Sunday morning I preached at Church of the Holy Trinity, where my brother-in-law Cliff is the rector. I preached on how people go crazy if they get stuck in the desert too long and aren't careful with what they start imagining. So all in all a full weekend. It's week 2 of Advent, the Winter Lent, and thus far I've been able to avoid all retail stores with their demented Christmas muzak mixes.)

1. Beauty is both absolute and relative.
2. Beauty is both objective and subjective.
3. Everything God makes is beautiful and much of it will often terrify and surprise us.
4. The Christian can make what is ugly, beautiful.

Let me explain, each in turn.

Why? Because it is grounded in the nature of God and as such is tethered to something everlastingly true and infinitely powerful. As Barth puts it in his Church Dogmatics (II.I.655), “We cannot overlook the fact that God is glorious in such a way that He radiates joy, so that He is all He is with and not without beauty.” He is, as the Catholic theologian Richard Viladesau notes, “the 'horizon' of every experience of beauty," a horizon that is total and absolute in its scope, utterly transcendent, wholly Other. It is in light of this that we can regard beauty as a transcendental.

Inasmuch, then, as creation is a reflection of God, the nature and works of creation will manifest habits characteristic of Beauty.

This is of course an awfully rushed assertion, but brevity of time does not allow us to expound any further.

Let me move on to what may seem a slightly more controversial declaration for the Christian.

In what way exactly?


FOR EXAMPLE: a mountain and a flower.

The beauty of a mountain is relative to mountainness, and it’s unfair to expect the beauty of a flower to compete or be fairly compared to the beauty of a mountain. “That flannel flower at the base of the Andes isn’t as beautiful as that Andean mountain!” And it’s not that you’re exactly going to find an ugly mountain out there, it’s that you’ll find different kinds of mountains beautiful in different ways: the Rockys, the Himalayas, the Andes.

The principle here holds true for all flower species.

And for the cartoon in comparison to the novel.

Or the art of mime over against the feature documentary film.

Or punk-rock music and baroque music.

The principle is this: The judgment of a form’s beauty is relative to the laws of that form.
To say that baroque music is more beautiful than punk-rock is like saying that French is more beautiful than Mandarin. To my ears that may be true, but the form of French and the form of Mandarin, while both human languages, are radically different, and one is better off making comparisons internal to each language. There is French oratory that is beautiful and there is French oratory that is sloppy, crude and ugly. So too with Mandarin. So too with baroque music. So too with punk-rock music. While punk-rock may attract a smaller audience—an audience that is drawn to its aggressive, emotionally forceful, often angry but sometimes raucously playful tones—it is false and wrong of us to judge it all ugly simply because we find its sound ugly—simply because we find it tastes ugly to our ears.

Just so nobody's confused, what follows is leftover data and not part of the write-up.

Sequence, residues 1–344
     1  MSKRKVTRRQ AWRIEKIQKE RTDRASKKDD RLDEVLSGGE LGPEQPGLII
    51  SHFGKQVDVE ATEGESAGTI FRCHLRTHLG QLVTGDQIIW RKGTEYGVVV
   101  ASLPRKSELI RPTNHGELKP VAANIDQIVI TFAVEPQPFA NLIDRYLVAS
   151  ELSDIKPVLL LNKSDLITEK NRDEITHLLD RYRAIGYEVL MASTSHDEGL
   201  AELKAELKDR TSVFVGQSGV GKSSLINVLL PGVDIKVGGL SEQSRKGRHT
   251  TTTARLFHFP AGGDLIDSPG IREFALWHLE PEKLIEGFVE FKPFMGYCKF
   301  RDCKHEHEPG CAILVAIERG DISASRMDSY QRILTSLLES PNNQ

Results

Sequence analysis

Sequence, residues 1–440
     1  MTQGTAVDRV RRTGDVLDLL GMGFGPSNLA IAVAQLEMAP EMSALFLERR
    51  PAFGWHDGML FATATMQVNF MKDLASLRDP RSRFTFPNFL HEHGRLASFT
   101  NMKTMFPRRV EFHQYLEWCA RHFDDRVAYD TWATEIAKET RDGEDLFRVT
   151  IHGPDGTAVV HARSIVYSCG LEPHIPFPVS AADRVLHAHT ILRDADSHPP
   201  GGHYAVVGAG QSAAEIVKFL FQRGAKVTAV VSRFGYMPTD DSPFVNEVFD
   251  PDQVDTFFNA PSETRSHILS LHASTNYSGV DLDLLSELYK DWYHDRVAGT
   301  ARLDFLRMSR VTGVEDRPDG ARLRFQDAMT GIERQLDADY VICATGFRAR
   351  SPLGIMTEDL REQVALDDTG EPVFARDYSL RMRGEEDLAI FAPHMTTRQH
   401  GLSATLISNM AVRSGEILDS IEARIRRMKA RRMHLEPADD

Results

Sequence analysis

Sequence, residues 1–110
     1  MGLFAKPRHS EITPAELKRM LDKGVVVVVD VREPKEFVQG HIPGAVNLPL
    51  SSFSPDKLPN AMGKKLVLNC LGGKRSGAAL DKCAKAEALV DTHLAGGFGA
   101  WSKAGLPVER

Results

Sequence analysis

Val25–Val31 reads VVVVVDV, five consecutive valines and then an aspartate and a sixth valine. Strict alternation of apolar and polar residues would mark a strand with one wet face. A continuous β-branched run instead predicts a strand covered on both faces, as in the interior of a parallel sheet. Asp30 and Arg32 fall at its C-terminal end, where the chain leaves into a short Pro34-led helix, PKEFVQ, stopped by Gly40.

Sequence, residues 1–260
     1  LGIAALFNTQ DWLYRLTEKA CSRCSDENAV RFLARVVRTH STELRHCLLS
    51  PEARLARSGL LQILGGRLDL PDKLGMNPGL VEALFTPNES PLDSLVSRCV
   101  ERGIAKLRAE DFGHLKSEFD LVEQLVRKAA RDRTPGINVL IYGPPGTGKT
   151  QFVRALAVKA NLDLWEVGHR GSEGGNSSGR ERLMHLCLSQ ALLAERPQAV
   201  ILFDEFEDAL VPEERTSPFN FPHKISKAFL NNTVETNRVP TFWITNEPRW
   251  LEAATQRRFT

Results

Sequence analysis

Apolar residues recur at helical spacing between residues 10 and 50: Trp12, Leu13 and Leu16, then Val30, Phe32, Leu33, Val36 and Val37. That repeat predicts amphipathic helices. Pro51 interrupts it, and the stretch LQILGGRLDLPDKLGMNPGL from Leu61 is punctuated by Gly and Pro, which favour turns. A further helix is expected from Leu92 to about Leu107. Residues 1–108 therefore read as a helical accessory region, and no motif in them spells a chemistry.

To judge in this way puts us back in that same chaotic cul-de-sac where African drums are evil. Or that rocknroll is the devil’s preferred music.

But let me take a hard right turn now in the direction of the female body.

Can we say that this or that woman’s body and face deserves—in a kind of absolute sense—to be called beautiful, like Nicole Kidman or Grace Kelly or Beyonce Knowles?

My answer is relatively no and yes.

Let me start with no: No, we can’t because physical beauty is relative to the eye of the beholder.
I apologize here for the crudeness of the following question: Is a woman beautiful with big hips or small hips? (Stay with me, hey, and trust me when I say I know I’m walking a minefield here. I have sisters.) The answer to the question depends on whom you ask, and when you might have asked this question, but the answer is both: A woman is beautiful with big hips and small hips. In talking with a few of my African-American friends, they tell me that they could care less about skinny, white, magazine girls. They find women with bigger hips tre beautiful. In contrast, White Anglo Saxon men of the Western, late 20th century, American type generally speaking tend to find smaller hips beautiful.

What’s my point? My point is this. Whether we’re talking about Peter Paul Rubens’ corpulent figures or the pin-up model of the 1940s, whether it’s a svelte Japanese princess or a colossal Nordic queen, the question of a woman’s beauty is a relative matter—and especially because there are a myriad other reasons why you find your wife beautiful. The big or small hips is in effect culturally relative. The dominant culture which has shaped your view of the world will shape your view of women and their bodies, and pretty much everything else about them.

And now let me say yes: Yes, we can say in one sense that physical beauty is absolute.
The reason is this: What makes a woman beautiful in strictly physical terms is the proportion of her parts, say the parts of her face: forehead to eyebrows to nose to lips to cheekbones to chin to neck. This is a truth that all you art teachers know well. Composition is important. The arrangement of the parts to the whole is important.

Whether we like it or not, whether we’re conscious of it or not, with both women and men, we are drawn to symmetry. We’re attracted to things which are rightly related to each other. And it is in our nature, it is not simply nurture. That’s why we love watching the Olympics, because it’s here that we find a great collection of beautiful bodies performing beautiful feats of athleticism. When people describe an athletic moment as beautiful, they’re likely recognizing the unity, the complexity, and the brilliance of the feat, that sometimes makes you cry.